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. Last Updated: 07/27/2016

Report Slams NASA For Shuttle Disaster

WASHINGTON -- The U.S. National Aeronautics and Space Administration's overconfident management and loss of focus on safety "were as much a cause" of the Columbia accident as the chunk of foam that dealt a deadly blow to the space shuttle's left wing, investigators concluded.

The scathing 248-page report released Tuesday warned that without drastic changes, another disaster is likely. In the report, which came almost seven months to the day after the spacecraft disintegrated over Texas, the Columbia Accident Investigation Board said the shuttle was not "inherently unsafe," but issued 29 recommendations that it insisted must be implemented for a safe return to flight, six of them focusing on organizational change.

"The board strongly believes that if these persistent, systemic flaws are not resolved, the scene is set for another accident," the investigators wrote. "NASA's blind spot is it believes it has a strong safety culture."

Board member John Barry put it this way: "NASA had conflicting goals of cost, schedule and safety. Unfortunately, safety lost out."

The board concluded that safety engineers used "sleight of hand" tactics even before the Feb. 1 Columbia tragedy to play down the frequency of strikes by fuel-tank foam insulation and managers pressed ahead because of intense pressure from high up to stay on schedule. Even shuttle managers said their rationale for continuing to launch in the face of foam strikes was "lousy."

O'Keefe told space agency employees in a television broadcast that a group already has been established to change the NASA culture, another to monitor the technical aspects of return to flight.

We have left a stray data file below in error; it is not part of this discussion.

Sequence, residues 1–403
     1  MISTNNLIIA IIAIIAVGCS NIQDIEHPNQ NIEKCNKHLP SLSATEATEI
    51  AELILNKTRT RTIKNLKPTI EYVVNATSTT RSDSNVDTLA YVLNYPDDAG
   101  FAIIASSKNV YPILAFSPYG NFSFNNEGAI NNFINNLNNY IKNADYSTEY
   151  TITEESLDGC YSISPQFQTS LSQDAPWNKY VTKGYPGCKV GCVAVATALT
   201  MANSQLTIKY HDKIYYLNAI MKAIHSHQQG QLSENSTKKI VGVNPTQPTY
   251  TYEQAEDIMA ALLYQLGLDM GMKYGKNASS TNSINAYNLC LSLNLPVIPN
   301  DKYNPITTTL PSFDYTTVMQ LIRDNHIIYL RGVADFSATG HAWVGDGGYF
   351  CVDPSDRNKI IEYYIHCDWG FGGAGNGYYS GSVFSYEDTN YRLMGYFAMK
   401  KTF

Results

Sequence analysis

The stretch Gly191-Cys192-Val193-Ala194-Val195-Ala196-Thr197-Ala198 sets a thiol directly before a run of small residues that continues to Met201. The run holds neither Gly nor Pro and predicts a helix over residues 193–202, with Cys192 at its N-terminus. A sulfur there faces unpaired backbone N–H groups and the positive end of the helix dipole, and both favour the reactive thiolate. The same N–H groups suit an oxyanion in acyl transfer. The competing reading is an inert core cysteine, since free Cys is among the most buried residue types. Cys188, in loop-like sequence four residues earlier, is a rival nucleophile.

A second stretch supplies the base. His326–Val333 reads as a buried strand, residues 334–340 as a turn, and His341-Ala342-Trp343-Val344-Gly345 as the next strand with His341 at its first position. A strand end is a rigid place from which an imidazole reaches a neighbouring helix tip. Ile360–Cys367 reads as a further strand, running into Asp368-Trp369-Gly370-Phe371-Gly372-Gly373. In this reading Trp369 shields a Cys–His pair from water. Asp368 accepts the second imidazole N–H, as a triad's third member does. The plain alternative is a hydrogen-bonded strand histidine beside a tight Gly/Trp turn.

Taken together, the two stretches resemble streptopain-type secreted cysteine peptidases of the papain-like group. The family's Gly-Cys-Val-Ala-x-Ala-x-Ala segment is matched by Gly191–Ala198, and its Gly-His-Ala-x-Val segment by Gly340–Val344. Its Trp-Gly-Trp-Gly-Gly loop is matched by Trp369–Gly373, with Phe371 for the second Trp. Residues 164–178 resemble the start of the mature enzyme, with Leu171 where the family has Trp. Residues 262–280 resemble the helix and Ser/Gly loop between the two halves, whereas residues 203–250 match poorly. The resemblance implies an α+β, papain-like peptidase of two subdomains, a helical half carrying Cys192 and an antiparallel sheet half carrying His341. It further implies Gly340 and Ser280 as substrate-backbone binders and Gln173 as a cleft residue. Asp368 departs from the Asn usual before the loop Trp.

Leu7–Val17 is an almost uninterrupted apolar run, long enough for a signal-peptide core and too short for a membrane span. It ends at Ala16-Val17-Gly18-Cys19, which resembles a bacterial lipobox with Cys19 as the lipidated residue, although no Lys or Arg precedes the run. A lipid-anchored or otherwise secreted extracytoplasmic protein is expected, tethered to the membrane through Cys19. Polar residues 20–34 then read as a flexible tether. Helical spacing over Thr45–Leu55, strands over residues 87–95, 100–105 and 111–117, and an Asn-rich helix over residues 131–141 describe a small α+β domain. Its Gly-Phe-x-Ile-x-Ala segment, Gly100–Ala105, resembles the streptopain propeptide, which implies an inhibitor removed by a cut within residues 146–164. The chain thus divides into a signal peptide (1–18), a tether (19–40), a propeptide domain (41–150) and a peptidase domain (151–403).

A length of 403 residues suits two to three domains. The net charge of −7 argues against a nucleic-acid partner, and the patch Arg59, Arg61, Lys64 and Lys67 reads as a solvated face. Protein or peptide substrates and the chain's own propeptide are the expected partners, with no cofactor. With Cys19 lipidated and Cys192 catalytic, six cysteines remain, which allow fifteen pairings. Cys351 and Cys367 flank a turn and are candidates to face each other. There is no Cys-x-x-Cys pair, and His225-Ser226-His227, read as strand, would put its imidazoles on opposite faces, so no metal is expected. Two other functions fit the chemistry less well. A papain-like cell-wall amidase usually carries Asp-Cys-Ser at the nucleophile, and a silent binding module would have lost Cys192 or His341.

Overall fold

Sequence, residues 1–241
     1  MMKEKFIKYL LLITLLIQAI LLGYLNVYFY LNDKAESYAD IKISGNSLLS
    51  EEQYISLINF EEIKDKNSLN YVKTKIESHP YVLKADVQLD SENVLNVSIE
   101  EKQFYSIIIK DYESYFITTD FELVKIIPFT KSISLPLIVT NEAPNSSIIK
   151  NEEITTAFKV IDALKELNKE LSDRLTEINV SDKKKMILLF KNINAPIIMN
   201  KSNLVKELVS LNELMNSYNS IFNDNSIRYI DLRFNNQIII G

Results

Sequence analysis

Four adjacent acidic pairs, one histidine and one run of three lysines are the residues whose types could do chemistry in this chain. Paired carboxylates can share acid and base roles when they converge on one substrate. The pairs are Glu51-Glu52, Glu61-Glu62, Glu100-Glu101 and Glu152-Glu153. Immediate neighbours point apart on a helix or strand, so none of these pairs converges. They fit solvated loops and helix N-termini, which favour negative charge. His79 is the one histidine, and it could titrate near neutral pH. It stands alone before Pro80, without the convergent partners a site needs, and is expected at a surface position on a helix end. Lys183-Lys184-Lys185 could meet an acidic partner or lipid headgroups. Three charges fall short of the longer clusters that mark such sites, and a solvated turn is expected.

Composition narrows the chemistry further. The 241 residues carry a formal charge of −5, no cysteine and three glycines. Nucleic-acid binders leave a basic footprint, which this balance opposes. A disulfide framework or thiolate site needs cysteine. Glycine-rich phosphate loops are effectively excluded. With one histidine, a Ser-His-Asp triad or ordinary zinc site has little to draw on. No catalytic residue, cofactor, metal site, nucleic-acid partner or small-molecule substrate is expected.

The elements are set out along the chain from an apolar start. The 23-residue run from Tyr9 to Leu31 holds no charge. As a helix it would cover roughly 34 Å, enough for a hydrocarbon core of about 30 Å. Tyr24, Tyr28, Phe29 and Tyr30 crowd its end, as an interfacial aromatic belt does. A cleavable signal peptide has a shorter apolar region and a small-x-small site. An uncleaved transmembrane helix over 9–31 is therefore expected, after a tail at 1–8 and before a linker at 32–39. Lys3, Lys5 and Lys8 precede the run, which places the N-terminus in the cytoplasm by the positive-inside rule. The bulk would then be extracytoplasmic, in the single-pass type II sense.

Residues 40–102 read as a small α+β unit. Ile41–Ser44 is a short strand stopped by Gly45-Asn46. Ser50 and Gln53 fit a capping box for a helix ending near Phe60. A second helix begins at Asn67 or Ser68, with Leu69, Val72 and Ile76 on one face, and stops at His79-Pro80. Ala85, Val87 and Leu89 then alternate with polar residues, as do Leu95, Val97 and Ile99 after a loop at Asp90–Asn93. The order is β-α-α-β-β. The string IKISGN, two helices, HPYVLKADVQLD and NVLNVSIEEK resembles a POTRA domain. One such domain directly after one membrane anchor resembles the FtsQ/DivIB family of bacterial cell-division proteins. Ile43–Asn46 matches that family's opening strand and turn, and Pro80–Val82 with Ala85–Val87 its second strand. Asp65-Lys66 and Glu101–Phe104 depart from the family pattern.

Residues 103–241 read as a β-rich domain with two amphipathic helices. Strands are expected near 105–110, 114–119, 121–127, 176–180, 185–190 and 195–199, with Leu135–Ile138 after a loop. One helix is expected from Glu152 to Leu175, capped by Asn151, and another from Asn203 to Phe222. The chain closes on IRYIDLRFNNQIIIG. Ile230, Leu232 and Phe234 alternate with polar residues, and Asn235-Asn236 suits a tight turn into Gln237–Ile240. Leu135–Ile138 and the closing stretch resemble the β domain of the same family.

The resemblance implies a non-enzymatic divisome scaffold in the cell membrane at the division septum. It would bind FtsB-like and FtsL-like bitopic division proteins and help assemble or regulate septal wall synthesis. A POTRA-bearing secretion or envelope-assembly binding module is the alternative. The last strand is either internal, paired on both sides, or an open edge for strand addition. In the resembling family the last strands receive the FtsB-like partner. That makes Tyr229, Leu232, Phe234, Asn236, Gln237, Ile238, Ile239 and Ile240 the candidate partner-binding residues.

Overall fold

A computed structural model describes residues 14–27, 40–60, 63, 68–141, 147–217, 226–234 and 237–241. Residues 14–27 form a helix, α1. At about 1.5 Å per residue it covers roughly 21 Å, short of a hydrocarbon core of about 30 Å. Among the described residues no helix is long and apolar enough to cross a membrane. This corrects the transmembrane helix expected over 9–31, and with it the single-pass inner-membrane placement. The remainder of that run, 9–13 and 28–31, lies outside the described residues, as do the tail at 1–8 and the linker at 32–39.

NASA's vigilance after the 1986 Challenger explosion lessened as the years went by, and the recommendations by those investigators were forgotten or overlooked. So the Columbia investigators sought a deeper, broader analysis.

There was total agreement among the board members on the fact that chunk of foam insulation that broke off the external fuel tank just over a minute into Columbia's mid-January launch created the breach in the left wing that led to the ship's destruction on Feb. 1 and the deaths of all seven astronauts.

The cause of the Challenger accident, in which all seven astronauts were killed, also was attributed in part to management failures. The technical cause was different, however. In the case of Challenger, O-ring seals on the booster rockets failed in the bitter cold.

NASA's space shuttle fleet, now reduced to three, has proven difficult and expensive to operate and more dangerous than expected, the report stated. "It is the board's view that, in retrospect, the increased complexity of a shuttle designed to be all things to all people created inherently greater risks than if more realistic technical goals had been set at the start."